Nestled along the western banks of the Wabash River in Illinois is Marathon Petroleum’s Palestine Neal Pit, an 80-acre former limestone quarry that sits adjacent to Robinson Refinery. A portion of the pit sits atop an aquifer which provides water for the 1000-acre refinery, while the remaining land is comprised of a number of habitats including forest, grassland and wetlands. The site’s wildlife team, made up of about 20 employees, works tirelessly to maintain a number of WHC-certified projects – from pollinator gardens and bird boxes to habitat restoration and environmental education.
One of the bigger projects is the site’s nest monitoring program, which was designed to counteract the decline of nesting habitat for migratory birds. To date, over 50 nesting structures have been installed on the grounds of Palestine Neal Pit, consisting of boxes for bluebirds, barn owls, woodpeckers and wood ducks, and platforms for osprey. In addition, several bat boxes were constructed to protect the local brown bat populations from habitat loss and their increasingly limited roosting options. The team conducts regular monitoring of the bat boxes and uses bat monitors to track the bats.
Biodiversity isn’t the only beneficiary of the conservation work done at Palestine Neal Pit; local students also greatly benefit from visits to the site. A number of educational events are hosted at the site, including the biannual “Neal Pit Day” for second-graders from surrounding schools. In addition to a nature walk, half-a-dozen different stations are set up for students to visit, focusing on a wide variety of subjects including pollinators, solar panels and small wind turbines. Some presentations are even interactive, with electricians discussing energy while students pedal on bicycles to generate electricity and solar power.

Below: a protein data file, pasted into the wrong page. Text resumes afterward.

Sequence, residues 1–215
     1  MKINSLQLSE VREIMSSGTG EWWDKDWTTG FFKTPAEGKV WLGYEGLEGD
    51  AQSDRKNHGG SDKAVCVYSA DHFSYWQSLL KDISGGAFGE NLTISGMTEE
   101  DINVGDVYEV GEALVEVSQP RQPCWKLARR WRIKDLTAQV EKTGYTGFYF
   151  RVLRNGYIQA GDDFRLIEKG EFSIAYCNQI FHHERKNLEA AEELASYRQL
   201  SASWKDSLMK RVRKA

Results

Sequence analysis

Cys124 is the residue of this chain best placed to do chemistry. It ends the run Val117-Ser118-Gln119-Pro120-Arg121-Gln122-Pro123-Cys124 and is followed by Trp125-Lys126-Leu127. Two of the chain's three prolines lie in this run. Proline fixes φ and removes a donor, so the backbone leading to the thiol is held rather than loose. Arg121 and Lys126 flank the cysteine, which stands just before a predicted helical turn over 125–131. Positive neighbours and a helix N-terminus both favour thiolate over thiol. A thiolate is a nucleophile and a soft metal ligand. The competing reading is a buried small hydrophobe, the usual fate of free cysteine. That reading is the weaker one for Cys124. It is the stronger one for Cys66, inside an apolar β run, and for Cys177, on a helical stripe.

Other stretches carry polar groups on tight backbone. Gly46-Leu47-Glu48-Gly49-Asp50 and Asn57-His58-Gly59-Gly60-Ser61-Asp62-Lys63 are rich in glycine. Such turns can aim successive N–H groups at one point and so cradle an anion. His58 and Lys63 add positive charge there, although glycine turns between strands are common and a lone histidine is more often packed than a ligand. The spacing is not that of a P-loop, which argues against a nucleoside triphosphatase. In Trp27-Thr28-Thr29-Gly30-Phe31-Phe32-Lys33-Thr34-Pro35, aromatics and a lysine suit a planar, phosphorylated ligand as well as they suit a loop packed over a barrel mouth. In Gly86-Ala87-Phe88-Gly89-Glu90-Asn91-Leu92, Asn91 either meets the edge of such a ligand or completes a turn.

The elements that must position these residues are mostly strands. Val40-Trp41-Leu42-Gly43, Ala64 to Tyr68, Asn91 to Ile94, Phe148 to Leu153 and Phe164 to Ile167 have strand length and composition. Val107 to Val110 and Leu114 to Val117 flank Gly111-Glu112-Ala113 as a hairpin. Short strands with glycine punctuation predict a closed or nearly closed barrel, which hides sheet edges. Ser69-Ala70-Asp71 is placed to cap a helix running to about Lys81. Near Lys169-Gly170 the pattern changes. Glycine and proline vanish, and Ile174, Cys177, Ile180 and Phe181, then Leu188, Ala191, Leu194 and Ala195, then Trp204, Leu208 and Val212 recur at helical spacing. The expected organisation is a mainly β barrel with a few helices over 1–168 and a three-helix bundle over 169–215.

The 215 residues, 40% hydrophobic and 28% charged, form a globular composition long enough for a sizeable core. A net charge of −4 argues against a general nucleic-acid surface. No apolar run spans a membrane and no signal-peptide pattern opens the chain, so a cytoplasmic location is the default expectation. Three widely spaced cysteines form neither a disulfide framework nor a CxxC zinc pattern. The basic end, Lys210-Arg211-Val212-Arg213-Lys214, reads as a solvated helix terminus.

“To further improve the experience for visiting students, we built a pavilion that is completely off-the-grid,” says Greg Hevron, who leads the wildlife team at Palestine Neal Pit. “Solar panels and wind energy produce the electricity, and a small well and the aquifer provide running water. The pavilion is situated in a remote area of the site so it allows the students to be completely immersed in nature while learning about it.”
While there are many ideas about what project to tackle next, including native plantings and work on the site’s wetlands, the team continues to focus much of its time and energy on the program’s education projects since hands-on environmental education is, as Hevron states, “essential in inspiring the next generation of teachers, scientists and environmental stewards.”
- White Papers:
- Relevant President’s Blog or Wildlife Blog Posts:
- Project Guidances:
- WHC Webinars:
- Amazing, Beneficial Bats – Incorporating Bat Education into Your Conservation Program
- Beyond the Roosting Box: Next Level Bat Monitoring with Acoustic Technology
- Event Planning 101: How to Host a Successful Community Event at Your Habitat
- Monitoring and Documentation: The Key to Successful Programs
- Project EduBat: Learn and Share About the Benefits of Bats
- The Three “E”s to Success: Employees, Education and Engagement
- You Too Can Create Positive Pollinator Projects